(Published in the Business Standard, August 27, 2013)

The French had their ‘petit blue’, letter-cards for the tubes of the ‘pneumatique’; Russian yamschiks or postmen were issued knives along with their uniforms, to stave off robbers; and despite the demise of the Indian telegram, the survival of the inland letter card is evidence that we have not yet forgotten how to write each other.

Indeed, we have never stopped, and writers are especially loquacious; their lives are marked with postcards, letters, telegraphs, notes, missives, as three major collections of letters by and between writers demonstrate.

Here and Now: Letters Between Paul Auster & JM Coetzee, collected over a three-year period between 2008 and 2011, are the least revealing and the most redoubtable. Neither sets down a careless phrase or an unformed thought. A letter from Coetzee sets the tone by inviting Auster to meditate on the nature of friendship; what follows will be intimate, open, but never artless.

Coetzee and Auster range far, shifting from sports and Plato to the financial markets, language, criticism, and always, stories. Auster remains respectful, but he also defines his part of the exchange: “Understand: I am not interested in myself. I am giving you case studies, stories about anyone.” Coetzee turns over ideas, inexhaustibly: “In Book 7 of The Republic, Plato asks us to imagine a society in which people spend their waking hours sitting in rows inside a dark cave, staring at screens on which various flickerings are taking place … All accept without question that what they see on the screens is all there is to see.”

If Auster and Coetzee reserve for themselves the privilege not so much of privacy as indifference to the idea that they might be read, Willa Cather had written her letters demanding privacy. The Selected Letters of Willa Cather were finally published after a number of justifications. Chief among these was the assumption that a writer who does not destroy her letters means them to be read—or might not care if they are read after her death.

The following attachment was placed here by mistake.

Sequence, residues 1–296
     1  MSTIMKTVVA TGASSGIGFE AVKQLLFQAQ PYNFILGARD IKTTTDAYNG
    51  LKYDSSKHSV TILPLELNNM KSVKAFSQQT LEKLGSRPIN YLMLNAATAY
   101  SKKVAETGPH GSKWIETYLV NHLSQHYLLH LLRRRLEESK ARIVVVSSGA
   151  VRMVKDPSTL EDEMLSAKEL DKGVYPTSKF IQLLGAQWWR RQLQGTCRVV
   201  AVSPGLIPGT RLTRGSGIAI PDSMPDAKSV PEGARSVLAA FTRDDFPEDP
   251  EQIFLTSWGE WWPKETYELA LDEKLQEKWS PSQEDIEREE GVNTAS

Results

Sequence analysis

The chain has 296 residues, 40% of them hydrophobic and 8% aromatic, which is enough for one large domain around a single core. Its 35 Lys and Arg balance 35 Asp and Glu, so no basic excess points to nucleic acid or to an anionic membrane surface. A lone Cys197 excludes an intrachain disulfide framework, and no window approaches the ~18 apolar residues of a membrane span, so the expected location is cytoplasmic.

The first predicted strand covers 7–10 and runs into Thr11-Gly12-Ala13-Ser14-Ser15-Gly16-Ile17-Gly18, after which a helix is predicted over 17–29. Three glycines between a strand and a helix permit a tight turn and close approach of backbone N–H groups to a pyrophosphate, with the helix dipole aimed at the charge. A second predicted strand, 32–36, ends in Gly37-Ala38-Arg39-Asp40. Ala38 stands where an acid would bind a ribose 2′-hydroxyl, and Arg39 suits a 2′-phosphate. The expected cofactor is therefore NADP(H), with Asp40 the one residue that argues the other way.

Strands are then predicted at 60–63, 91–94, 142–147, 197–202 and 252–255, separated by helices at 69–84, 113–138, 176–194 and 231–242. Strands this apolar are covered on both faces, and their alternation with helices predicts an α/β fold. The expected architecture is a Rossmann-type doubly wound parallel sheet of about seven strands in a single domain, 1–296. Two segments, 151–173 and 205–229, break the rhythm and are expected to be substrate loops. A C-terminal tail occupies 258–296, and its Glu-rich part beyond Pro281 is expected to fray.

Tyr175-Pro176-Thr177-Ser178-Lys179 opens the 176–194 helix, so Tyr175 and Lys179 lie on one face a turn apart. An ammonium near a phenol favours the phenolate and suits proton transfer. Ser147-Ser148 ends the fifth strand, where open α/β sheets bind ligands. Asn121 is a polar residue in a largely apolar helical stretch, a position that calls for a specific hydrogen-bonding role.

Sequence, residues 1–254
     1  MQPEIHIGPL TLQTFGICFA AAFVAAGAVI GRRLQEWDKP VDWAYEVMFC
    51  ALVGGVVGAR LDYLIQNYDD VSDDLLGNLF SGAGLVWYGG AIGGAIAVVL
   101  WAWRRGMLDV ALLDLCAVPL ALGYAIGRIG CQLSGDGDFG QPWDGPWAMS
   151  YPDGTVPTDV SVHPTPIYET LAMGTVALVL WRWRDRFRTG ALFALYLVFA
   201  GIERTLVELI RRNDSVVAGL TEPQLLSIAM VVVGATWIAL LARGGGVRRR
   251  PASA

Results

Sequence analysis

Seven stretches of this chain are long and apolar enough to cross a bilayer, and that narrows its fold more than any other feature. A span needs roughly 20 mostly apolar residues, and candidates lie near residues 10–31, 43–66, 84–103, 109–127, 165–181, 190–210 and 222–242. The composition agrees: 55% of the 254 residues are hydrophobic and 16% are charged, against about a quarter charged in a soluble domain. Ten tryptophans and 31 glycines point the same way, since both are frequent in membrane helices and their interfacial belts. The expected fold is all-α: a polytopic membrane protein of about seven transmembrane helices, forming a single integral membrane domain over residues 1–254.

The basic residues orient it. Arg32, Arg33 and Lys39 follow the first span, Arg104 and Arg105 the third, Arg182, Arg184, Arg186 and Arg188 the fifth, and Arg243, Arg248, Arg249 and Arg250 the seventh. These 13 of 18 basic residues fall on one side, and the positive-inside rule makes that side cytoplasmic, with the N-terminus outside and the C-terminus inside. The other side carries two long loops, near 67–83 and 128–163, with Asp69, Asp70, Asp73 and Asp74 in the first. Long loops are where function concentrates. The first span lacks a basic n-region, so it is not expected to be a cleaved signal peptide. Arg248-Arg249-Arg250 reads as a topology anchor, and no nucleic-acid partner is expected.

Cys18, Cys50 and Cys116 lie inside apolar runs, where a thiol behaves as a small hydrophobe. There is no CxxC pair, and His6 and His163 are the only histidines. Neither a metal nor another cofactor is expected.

But then perhaps we are the last generation of readers to assume that privacy is desirable. You trespass when you read letters, and yet there’s a pleasure in reading what is informal, private, and supposedly revealing of the “real” person. (Though this is a specious argument; everyone, especially writers, shapes the stories of their lives and curates their memories. Unedited, most lives are chaotic and boring.)

This volume stretches from Cather’s girlhood to the many rich satisfactions of her writer’s life, and will send you back to her books, especially to My Antonia and Death Comes To The Archbishop. Cather writes with the informality of someone who doesn’t expect to be publicly read, but also with the sharpness of a born conversationalist.

“Now I have written on my manuscript paper, because I can write plainly only on hard paper,” she remarks. Later, you see the nib of her pen dig in, the hard peck at the typewriter keys, as she addresses one Mr Miller: “I am sorry my writing vexes you, and it will continue to vex you! I write at all because it pleases and amuses me—and I write in the way that pleases and amuses me.” So much for the critics.

The letters of Mikhail Bulgakov, just released along with a translation of his diaries, are of a different order. Bulgakov wrote in swift everyday bursts, with the haphazard carelessness with which you might tweet or update a Facebook status. But then the steady persecution—the hate-filled reviews of his work, the confiscation of his books, with The Master and Margarita being published in 1967, a full twenty years after Bulgakov’s death—dripped into his life and leaked slowly into the letters he wrote, to Stalin, to the USSR, to nameless officials.

It is an extraordinary correspondence, this intimate relationship between a writer and his censors. “EVERY SATIRIST IN THE USSR IS INFRINGING UPON THE SOVIET SYSTEM,” Bulgakov wrote in a long, despairing screed to Stalin. And then, in lower case: “Am I thinkable in the USSR?” He begged to be deported, to be banished; he could not change, he said, and “the silent writer does not exist”.

That letter was answered, in 1930, the year in which Bulgakov’s diaries and letters become more sparse. The phone rang; it was Comrade Stalin on the line. Did Bulgakov indeed wish to go abroad, Stalin asked? “What, have we pestered you so much?”

There was no safe answer to that question. Bulgakov hedged, saying that a Russian writer should not leave his homeland. Stalin agreed, and suggested, benevolently, that the writer should apply to the Moscow Art Theatre.

He worked there as assistant to the stage director. In 1939, he held a private reading from The Master and Margarita, for his friends; in a famous letter, Yelena Bulgakov recorded that “everyone sat paralyzed” as he read the last chapters. “Everything scared them.” Bulgakov died in 1940. His biographers record that his writings were preserved by the NKVD, which retained everything, including a painstakingly hand-copied manuscript of The Master and Margarita.